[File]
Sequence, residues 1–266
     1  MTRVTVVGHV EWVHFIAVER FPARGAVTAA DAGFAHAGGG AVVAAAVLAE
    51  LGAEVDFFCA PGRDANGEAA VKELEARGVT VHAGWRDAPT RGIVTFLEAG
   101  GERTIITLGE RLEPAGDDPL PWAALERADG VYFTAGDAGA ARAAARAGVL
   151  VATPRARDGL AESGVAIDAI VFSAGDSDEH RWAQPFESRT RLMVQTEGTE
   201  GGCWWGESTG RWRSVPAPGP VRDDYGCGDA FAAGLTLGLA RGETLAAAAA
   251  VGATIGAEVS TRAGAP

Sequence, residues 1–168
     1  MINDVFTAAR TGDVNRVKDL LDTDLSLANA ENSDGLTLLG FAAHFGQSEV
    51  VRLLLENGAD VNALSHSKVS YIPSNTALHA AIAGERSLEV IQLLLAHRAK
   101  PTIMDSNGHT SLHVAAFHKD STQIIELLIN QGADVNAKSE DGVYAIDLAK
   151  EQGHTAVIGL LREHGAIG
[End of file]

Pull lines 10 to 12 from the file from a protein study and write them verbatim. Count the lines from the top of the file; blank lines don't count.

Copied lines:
    51  VRLLLENGAD VNALSHSKVS YIPSNTALHA AIAGERSLEV IQLLLAHRAK
   101  PTIMDSNGHT SLHVAAFHKD STQIIELLIN QGADVNAKSE DGVYAIDLAK
   151  EQGHTAVIGL LREHGAIG